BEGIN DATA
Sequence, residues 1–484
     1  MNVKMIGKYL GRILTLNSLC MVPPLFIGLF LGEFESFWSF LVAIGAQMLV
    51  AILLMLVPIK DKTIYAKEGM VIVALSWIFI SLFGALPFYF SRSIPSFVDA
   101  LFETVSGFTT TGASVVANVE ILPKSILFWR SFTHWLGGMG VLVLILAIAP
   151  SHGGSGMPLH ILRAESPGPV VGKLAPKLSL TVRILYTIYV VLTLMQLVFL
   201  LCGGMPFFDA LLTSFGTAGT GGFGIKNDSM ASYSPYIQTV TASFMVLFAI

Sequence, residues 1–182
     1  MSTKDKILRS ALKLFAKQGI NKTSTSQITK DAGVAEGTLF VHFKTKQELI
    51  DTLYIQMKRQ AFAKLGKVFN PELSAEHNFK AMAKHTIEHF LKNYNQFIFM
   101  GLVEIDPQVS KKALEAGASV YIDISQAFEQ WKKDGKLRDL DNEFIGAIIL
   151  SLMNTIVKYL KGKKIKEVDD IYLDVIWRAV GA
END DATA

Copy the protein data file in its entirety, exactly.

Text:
Sequence, residues 1–484
     1  MNVKMIGKYL GRILTLNSLC MVPPLFIGLF LGEFESFWSF LVAIGAQMLV
    51  AILLMLVPIK DKTIYAKEGM VIVALSWIFI SLFGALPFYF SRSIPSFVDA
   101  LFETVSGFTT TGASVVANVE ILPKSILFWR SFTHWLGGMG VLVLILAIAP
   151  SHGGSGMPLH ILRAESPGPV VGKLAPKLSL TVRILYTIYV VLTLMQLVFL
   201  LCGGMPFFDA LLTSFGTAGT GGFGIKNDSM ASYSPYIQTV TASFMVLFAI

Sequence, residues 1–182
     1  MSTKDKILRS ALKLFAKQGI NKTSTSQITK DAGVAEGTLF VHFKTKQELI
    51  DTLYIQMKRQ AFAKLGKVFN PELSAEHNFK AMAKHTIEHF LKNYNQFIFM
   101  GLVEIDPQVS KKALEAGASV YIDISQAFEQ WKKDGKLRDL DNEFIGAIIL
   151  SLMNTIVKYL KGKKIKEVDD IYLDVIWRAV GA